When Townsend returned in January 2012, Mike could not identify the relationship between himself and Lewis.   Mike told Townsend that Lewis was a hunter who had shown up asking for permission to hunt and had then just moved into the house.   Townsend testified that he did not ask Mike whether he authorized Lewis to spend his money, because Mike could not find his credit card or tell him what car he owned.   Townsend was not confident that Mike could accurately or intelligently tell him about his life estate, his holdings, the contents of his bank account, or how he wanted these items handled upon his death.   He also testified that Lewis' name was not on Mike's accounts and that there were no payments to Lewis' credit card accounts prior to the signing of the power of attorney.

Doeschot testified that she became involved with Mike in 1993 and that she had lived with Mike since 1999.   She said she moved out of Mike's house in August 2011 because of disagreements she had with Mike about the CD's. She said Lewis accused her of stealing from Mike and made other derogatory remarks about her.   When Mike was moved to a nursing home in 2012, Doeschot resumed her relationship with Mike and visited him almost every day.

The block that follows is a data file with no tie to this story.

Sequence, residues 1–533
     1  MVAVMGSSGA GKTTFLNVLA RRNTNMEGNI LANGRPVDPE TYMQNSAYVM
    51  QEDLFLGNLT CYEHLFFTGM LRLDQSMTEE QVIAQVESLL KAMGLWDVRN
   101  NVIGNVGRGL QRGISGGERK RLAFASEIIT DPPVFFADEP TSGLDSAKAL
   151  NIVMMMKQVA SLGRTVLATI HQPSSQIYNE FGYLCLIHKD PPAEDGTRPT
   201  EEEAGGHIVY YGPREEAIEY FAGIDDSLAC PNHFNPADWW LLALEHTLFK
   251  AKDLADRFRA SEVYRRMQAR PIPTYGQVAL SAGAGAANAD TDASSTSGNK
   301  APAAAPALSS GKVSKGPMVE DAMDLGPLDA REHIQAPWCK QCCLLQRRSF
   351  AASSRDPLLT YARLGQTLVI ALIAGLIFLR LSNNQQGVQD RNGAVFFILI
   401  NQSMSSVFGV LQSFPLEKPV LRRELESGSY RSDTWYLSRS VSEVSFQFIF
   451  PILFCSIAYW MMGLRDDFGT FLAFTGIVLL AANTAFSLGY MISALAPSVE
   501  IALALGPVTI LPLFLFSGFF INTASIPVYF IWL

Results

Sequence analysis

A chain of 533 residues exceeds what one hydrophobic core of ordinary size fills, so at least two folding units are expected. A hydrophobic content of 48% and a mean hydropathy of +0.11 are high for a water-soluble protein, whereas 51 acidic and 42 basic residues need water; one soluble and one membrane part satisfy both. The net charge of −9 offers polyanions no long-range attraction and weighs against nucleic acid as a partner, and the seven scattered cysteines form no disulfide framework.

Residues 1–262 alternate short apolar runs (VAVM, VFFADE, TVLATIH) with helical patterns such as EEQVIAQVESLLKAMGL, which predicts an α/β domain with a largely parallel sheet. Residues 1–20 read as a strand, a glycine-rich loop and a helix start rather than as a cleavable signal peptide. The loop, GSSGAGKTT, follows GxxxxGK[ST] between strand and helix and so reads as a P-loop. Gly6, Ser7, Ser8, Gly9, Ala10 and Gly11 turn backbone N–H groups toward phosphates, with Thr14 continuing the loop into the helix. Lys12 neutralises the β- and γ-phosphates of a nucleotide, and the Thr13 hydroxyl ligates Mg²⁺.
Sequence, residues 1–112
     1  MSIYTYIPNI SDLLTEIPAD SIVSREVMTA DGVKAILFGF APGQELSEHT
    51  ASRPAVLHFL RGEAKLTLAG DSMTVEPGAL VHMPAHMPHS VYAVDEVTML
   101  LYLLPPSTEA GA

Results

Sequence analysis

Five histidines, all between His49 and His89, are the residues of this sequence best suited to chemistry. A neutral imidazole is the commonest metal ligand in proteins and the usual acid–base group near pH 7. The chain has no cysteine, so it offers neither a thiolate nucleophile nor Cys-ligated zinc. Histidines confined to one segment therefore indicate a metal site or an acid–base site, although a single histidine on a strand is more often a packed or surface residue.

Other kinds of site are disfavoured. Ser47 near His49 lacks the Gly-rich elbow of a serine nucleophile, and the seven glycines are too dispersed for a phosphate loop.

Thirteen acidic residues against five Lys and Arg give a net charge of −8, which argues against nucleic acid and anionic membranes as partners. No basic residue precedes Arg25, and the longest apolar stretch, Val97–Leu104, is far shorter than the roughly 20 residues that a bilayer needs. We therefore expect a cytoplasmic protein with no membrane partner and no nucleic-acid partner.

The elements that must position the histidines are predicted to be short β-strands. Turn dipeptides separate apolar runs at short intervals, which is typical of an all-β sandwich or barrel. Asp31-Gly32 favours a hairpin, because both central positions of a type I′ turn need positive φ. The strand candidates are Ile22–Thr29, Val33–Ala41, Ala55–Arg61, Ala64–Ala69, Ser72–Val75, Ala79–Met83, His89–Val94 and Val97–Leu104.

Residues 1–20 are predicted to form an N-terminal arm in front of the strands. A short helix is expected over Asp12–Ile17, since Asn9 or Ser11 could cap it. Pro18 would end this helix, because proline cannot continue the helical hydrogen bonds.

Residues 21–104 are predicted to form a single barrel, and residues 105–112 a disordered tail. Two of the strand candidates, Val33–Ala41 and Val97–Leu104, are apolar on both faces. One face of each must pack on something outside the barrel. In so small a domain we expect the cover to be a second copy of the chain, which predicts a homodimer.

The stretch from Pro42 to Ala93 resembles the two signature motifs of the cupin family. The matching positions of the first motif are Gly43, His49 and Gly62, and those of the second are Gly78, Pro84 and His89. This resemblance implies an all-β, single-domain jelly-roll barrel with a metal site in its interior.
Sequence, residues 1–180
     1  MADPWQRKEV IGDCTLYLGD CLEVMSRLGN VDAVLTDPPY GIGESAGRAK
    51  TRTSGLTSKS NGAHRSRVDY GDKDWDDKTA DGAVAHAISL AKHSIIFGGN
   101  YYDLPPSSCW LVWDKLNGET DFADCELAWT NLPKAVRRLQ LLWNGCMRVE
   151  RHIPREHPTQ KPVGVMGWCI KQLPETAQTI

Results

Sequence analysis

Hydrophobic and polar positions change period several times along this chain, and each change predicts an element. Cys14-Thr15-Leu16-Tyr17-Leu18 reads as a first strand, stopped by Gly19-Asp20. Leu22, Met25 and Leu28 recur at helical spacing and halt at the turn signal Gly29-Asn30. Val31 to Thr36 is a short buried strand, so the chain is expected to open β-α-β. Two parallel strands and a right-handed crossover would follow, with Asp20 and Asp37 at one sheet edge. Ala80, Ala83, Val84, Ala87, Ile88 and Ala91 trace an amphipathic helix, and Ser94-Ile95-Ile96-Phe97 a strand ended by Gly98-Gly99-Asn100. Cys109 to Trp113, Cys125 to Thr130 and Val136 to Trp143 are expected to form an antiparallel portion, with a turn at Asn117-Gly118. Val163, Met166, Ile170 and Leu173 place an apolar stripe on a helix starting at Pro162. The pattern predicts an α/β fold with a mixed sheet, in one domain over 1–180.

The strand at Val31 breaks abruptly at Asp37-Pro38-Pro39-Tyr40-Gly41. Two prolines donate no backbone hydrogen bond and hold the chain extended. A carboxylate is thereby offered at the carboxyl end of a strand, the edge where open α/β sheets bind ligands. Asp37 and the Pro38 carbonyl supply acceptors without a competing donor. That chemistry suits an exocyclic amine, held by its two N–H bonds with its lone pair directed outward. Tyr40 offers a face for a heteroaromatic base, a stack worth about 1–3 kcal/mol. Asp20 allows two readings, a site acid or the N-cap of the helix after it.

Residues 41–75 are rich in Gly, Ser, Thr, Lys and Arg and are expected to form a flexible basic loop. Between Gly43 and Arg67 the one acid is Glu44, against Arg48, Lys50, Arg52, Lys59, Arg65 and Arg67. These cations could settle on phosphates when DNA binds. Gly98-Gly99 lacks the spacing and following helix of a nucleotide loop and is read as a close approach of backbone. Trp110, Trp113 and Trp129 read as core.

Lisa Hunzeker testified that she and her husband rented farm ground from Mike and bought some land from him in January 2011.   She testified that she took a rent check to Mike on July 1, gave it to Lewis, and told him what it was for.   Lewis asked Hunzeker if she would be interested in buying the farm, and she told him that Mike and her husband had discussed buying the rest of the farm when they bought the first half.   Mike had told Hunzeker that his nieces and nephews would be given the farm in his will and that for a certain number of years, it was required to stay in the family.   In August 2011, Hunzeker and her husband got a letter from Lewis with an amendment to the contract for a land purchase from Mike. The amendment stated that on Mike's death, the payments for the land would go to Lewis and his siblings.